About Michael Virtanen

Michael Virtanen is a former Explorer staff reporter who also previously worked as a correspondent for the Associated Press and for daily newspapers in Albany, Utica and Amsterdam, N.Y.

Reader Interactions


  1. Greg M says

    Reading the judgement was an interesting read. I agree that the use of the area by the owners should not be considered, kind of like self-incrimination. The clearing done also means the passageway is not in its virgin state, and the virgin state should be considered, not any improvements.

    On the other hand, the existence of the current portage is irrelevant. The passage is either navigable-in-fact or not — the existence of a relatively new portage should not change that. If the portage dates back 100+ years, and was the primarily used route, that would be different. Also, usage within a remote area should be relative to the remote area. The local ponds only supports several ?hundred? people per year, then the test should be to this set of people, not large cities/villages. It’s also hard to estimate people like me who have been waiting for this all to shake out before entering.

  2. Tim-Brunswick says

    Great….finally Phil Brown gets what he deserves. Literally advocating that people should violate the rights of the landowners who maintain and actually pay the taxes for their property. Perhaps if he had deigned to “ask for permission” to paddle through the posted property it would have alleviated years of expense to all parties!

    Instead he chose to publicly flaunt his illegal passage through the property and “finally” got what he deserved!!

    Thank you

  3. Susan Weber says

    How sad. I wonder just how much disruption canoers and kayakers would cause to the property owners. The property rights movement in this country seems to be running amok. What ever happened to the concept of the greater public good? Sad.

  4. Lorraine Duvall says

    Isn’t this the DEC policy below. Does the ruling mean that recreational use alone is no longer valid?

    —- Waterways subject to the public right of navigation may be navigated for any commercial or recreational purpose, and attempts by landowners to interfere with the public’s right to navigate violates the State’s trust interest in the waterway, i.e., the owner of the navigable waterway has no right to close it to the public or otherwise harass the public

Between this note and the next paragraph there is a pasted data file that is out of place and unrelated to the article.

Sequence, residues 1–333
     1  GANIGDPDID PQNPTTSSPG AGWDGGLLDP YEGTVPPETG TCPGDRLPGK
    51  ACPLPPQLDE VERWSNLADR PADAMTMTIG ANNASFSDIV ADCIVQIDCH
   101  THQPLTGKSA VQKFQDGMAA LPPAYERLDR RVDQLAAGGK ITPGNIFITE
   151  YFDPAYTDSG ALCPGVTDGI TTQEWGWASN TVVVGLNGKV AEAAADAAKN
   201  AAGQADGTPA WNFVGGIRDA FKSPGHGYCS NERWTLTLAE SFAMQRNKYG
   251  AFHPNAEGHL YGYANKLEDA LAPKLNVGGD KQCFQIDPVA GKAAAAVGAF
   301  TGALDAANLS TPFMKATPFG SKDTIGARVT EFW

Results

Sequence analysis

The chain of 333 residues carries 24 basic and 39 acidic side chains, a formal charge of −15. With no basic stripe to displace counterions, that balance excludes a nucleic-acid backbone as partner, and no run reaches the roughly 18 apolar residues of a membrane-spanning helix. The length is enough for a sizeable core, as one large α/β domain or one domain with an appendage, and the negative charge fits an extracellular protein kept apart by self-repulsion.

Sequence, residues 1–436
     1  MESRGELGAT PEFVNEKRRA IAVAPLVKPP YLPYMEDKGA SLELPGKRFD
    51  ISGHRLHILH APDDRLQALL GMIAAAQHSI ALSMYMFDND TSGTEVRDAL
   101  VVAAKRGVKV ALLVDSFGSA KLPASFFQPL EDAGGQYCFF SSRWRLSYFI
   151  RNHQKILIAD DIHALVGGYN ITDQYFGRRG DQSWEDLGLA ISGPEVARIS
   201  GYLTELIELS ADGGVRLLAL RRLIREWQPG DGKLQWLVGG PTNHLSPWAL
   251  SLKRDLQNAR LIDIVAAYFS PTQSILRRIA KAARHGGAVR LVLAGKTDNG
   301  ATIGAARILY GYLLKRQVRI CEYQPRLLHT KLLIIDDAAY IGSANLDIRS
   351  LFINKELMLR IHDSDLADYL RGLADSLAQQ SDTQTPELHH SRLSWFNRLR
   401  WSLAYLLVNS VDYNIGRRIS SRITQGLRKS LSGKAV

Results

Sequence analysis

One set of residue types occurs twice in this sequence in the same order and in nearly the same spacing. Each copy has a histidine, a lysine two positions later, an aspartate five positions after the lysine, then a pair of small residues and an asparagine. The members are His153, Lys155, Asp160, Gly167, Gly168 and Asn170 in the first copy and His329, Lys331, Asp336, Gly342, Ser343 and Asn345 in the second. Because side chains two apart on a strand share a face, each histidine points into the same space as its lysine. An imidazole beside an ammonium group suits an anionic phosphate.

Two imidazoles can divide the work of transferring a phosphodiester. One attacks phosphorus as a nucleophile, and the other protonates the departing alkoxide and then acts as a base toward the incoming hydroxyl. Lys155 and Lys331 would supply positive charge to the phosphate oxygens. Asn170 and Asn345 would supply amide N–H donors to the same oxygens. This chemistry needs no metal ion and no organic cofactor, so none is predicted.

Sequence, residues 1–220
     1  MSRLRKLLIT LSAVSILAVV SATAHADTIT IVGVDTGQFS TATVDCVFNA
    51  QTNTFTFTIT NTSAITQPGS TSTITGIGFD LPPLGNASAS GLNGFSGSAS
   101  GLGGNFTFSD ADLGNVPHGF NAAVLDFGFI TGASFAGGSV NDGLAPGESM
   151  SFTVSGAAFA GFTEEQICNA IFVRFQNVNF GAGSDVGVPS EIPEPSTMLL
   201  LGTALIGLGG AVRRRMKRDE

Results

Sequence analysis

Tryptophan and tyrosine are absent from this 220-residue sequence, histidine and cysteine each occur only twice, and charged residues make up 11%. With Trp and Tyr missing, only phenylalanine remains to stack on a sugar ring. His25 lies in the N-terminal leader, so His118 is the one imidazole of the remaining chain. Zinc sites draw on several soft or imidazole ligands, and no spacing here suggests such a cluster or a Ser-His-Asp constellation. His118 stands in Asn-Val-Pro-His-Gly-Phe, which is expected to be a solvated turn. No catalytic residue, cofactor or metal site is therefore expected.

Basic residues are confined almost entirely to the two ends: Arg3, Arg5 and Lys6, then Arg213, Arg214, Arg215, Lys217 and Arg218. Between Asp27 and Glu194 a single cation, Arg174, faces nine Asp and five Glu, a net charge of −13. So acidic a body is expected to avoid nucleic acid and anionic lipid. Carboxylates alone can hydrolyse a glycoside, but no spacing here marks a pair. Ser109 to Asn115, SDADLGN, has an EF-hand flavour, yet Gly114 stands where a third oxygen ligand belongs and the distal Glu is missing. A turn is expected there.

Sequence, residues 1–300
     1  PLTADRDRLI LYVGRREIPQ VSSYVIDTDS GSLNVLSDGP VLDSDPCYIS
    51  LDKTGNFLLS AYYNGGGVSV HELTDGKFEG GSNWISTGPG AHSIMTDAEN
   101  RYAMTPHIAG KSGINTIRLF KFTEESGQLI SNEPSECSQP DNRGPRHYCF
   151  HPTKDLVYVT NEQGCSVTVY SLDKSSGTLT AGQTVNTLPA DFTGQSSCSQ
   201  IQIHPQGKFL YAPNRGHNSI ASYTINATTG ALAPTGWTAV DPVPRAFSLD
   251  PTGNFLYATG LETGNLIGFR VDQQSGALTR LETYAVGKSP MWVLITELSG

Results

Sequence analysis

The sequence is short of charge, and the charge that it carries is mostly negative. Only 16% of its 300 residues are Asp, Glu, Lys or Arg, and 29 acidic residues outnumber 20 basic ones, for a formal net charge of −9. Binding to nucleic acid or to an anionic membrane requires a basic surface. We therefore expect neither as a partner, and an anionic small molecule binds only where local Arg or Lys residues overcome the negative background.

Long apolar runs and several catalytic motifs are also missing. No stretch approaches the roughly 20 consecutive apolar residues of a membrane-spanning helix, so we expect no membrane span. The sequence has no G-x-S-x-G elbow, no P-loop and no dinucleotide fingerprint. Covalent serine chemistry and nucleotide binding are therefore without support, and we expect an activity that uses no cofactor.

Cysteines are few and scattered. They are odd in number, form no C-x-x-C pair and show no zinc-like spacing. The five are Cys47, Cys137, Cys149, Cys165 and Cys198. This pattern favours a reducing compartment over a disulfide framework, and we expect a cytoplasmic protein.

5. Eric says

    Enough already! I’m an avid solo canoeist who loves the wild places but we’ve had our time in court. Harassing land owners through endless litigation is distracting and counter productive. The decision’s been made, let’s move on and concentrate on taking care of what we have.

    • Scott says

      Eric, I would have to disagree, as this impacts the definition of navigable-in-fact and certainly is worth a continued fight over. If narrowly defined recreational use has no impact on whether or not a waterway is navigable-in-fact and could have serious impacts on public access to waterways.

      Please see further explanation from American Whitewater – who obviously fall on the side of believing recreational use should define navigable-in-fact –

      “New York Courts have interpreted the statute in a manner consistent with the traditional common law rule: in order to be navigable-in-fact, a river must provide practical utility to the public as a means of transportation. Traditionally, transportation was defined narrowly, referring to a body of water’s capacity for transporting commercial goods or materials to market. However, as social and economic conditions have evolved in New York, courts have broadened their interpretation of what activities satisfy the definition of transportation.3) According to the Court of Appeals in Adirondack League Club, Inc. v. Sierra Club, the “paramount concern is the capacity of the river to transport, whether for trade or travel.”4)